That Sen. John McCain felt compelled to insert himself into the debate over torture this week is proof in itself of the success of the other side. McCain, whose personal experience brings credibility to his views on the subject, inveighed against harsh interrogations in a Washington Post op-ed, on the Senate floor, and on CBS.
"America's always been an example and an inspiration to other countries throughout the world," McCain said on "The Early Show" on Friday. "If we practice torture and do things that diminish - and even harm - the image of the United States and motivate our enemies, then it could have profound consequences in the future."
McCain also said some Republicans' claims that vital information obtained through waterboarding led to bin Laden were false.
McCain was answering statements from an array of former Bush administration officials (from Vice President Dick Cheney to Defense Secretary Donald Rumsfeld to John Yoo, the Justice Department official who penned the memo giving legal cover to interrogation practices considered illegal the world over) who have come forward to frame the killing of Osama bin Laden as a natural result of their policy of "enhanced interrogations."
"Sunday's success also vindicates the Bush administration, whose intelligence architecture marked the path to bin Laden's door," Yoo wrote in a Wall Street Journal op-ed that appeared less than 72 hours after bin Laden was killed.
The speed with which members of the former administration took credit surprised some observers, like Hofstra University presidential scholar Meena Bose. "It reflects how important it [the interrogation program] was to the Bush administration," she said.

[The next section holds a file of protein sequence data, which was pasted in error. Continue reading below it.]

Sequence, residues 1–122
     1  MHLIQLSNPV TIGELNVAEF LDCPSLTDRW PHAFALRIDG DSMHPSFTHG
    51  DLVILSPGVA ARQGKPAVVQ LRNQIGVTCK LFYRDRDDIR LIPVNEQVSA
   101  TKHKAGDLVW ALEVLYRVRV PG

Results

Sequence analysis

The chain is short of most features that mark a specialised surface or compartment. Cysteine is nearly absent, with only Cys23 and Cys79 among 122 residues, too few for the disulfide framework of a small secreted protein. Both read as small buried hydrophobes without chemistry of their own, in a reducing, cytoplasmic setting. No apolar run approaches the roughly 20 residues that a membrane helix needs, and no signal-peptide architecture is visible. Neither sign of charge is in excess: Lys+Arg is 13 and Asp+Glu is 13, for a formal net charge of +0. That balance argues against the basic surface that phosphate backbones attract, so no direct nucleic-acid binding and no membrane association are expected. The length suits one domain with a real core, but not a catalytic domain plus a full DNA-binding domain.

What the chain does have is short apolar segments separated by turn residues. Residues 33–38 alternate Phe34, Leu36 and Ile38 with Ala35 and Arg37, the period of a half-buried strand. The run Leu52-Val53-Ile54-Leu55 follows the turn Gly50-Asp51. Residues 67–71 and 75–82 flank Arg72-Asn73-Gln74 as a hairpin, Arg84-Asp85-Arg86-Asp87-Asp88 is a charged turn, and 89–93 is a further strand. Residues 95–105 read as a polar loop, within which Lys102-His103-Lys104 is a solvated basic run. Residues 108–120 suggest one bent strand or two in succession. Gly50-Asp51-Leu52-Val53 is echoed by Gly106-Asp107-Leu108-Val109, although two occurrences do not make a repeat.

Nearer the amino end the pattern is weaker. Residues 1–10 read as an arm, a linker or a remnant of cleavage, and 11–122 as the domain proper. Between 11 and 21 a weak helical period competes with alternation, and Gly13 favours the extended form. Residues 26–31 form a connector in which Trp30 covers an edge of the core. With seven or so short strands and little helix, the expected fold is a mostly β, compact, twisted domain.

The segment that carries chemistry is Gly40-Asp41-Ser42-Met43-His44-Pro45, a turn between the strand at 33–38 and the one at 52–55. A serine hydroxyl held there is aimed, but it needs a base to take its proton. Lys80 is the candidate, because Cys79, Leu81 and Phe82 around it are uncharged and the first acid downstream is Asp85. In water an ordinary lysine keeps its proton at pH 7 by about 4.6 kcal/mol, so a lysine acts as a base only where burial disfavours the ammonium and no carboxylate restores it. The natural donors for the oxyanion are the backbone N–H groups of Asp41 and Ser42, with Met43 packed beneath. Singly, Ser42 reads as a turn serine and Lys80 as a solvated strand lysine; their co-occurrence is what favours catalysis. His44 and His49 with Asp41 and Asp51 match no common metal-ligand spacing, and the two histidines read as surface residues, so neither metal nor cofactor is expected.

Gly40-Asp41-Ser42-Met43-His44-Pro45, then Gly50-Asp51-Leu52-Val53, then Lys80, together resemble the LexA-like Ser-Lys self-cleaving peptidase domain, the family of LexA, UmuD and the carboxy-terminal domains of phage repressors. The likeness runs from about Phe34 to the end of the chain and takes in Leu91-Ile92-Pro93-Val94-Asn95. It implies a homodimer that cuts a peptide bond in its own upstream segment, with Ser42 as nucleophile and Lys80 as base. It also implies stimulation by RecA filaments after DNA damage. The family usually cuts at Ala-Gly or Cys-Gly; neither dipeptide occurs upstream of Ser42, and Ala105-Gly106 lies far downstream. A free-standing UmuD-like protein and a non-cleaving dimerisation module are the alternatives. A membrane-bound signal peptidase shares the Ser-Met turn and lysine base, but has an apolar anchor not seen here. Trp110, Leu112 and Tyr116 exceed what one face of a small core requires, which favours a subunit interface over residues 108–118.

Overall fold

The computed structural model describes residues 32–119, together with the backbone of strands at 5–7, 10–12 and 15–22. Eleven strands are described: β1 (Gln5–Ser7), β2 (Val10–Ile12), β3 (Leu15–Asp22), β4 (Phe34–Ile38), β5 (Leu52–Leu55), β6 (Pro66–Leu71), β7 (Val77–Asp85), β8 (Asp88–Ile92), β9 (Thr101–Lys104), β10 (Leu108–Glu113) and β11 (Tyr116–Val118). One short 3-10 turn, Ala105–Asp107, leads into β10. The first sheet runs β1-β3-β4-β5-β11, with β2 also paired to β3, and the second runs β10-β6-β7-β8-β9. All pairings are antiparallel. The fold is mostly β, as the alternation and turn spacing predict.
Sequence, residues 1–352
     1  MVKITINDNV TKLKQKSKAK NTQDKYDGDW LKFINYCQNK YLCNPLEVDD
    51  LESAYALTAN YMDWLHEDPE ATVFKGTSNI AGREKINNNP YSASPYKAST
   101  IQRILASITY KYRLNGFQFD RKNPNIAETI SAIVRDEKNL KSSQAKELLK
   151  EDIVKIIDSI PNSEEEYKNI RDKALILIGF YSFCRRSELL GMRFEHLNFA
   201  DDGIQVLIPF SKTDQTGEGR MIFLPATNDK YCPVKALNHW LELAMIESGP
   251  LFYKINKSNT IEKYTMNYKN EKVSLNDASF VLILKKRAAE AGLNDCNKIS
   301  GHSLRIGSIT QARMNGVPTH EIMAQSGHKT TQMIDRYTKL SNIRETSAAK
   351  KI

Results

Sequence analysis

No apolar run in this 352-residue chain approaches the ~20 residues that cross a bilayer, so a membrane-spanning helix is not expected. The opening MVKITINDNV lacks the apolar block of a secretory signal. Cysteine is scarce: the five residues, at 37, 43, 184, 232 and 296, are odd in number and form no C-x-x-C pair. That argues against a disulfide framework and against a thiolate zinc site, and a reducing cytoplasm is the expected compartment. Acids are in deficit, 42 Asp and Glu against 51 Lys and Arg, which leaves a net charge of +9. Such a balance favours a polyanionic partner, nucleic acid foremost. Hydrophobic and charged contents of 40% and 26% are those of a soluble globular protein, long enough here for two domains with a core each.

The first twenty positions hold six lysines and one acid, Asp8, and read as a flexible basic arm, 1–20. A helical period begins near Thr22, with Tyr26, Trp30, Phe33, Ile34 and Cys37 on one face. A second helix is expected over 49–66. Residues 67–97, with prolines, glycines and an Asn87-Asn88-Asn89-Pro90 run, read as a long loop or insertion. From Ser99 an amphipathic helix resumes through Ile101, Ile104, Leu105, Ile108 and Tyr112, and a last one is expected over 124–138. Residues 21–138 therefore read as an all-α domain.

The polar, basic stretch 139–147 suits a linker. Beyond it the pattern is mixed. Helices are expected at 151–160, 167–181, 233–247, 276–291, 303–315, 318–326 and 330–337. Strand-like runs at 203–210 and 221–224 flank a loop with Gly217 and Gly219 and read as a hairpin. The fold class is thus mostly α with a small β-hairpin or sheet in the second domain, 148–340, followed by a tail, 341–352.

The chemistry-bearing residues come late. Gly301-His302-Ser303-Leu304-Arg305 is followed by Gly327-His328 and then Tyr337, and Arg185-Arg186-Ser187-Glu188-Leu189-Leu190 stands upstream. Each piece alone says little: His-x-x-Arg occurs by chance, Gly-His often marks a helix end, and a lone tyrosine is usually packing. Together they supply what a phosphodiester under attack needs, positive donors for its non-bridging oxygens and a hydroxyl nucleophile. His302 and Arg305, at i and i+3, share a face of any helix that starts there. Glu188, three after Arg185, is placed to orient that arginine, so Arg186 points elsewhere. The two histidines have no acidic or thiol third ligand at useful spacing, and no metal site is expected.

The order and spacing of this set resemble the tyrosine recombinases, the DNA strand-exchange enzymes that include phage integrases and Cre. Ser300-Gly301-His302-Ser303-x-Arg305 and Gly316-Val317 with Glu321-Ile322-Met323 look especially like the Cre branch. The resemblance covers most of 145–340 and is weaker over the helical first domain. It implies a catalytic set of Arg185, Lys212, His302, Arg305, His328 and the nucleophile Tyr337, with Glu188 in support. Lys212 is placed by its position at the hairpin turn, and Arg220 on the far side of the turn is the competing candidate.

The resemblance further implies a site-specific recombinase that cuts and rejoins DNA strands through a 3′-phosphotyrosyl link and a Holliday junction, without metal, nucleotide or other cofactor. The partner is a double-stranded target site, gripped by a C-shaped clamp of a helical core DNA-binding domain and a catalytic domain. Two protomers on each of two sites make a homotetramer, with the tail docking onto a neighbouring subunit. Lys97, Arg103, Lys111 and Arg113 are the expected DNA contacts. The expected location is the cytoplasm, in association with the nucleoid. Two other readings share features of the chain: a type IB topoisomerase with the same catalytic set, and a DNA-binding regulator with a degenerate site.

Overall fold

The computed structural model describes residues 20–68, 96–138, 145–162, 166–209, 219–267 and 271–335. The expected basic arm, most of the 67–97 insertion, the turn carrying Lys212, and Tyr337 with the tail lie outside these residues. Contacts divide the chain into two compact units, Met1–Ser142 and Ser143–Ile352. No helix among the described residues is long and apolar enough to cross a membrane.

But what's really at stake in the debate?
Not American policy. Days after taking office, President Obama signed an executive order resetting U.S. interrogation policy. He has been criticized by supporters of the Bush approach for limiting interrogations to the rules outlined in the Army field guide, but there's been no serious push to restore "enhanced interrogations."
"I don't think the death of bin Laden reopens the debate about what constitutes torture," Bose said.
The public may not agree. In an AP-Gfk poll conducted shortly after the killing of bin Laden, a clear majority of Americans - 60 percent - said the use of torture can sometimes or often be justified. (That's up from 52 percent in January 2010.) The poll was conducted from May 5-9, just as the torture debate was taking shape.
If the question of who gets credit for finding and killing bin Laden is seen as a proxy for the interrogation question, then the Bush administration policy fares less well. In a May 3 Gallup poll, a far smaller number (22 percent) said President George W. Bush deserves a "great deal" of credit for finding and killing bin Laden.
The vigor with which the former Bush officials have defended their approach has had an effect, making the argument over torture more about "he said, she said" than right and wrong. And for the casual observer, it's hard to discern a clear victor in the debate, said University of Virginia political scientist Larry Sabato.
"I've seen about equal argumentation on both sides, without any clear resolution," said Sabato, who has been following it closely. "So how are casual news viewers to know?"
Journalist Joshua E. S. Phillips, who has written extensively about American soldiers and torture, is critical of the effort to recast the narrative.
"This roll-out of Bush torture apologists and advocates shows they're just desperately invested in winning an argument and reclaiming their legacy," Phillips said.
Bose agrees that the main audience for the ex-Bush officials is historians - and that this debate is about burnishing a presidential record.
"These arguments in favor of torture are largely about the Bush legacy," Bose said. "They wanted this to happen on their watch."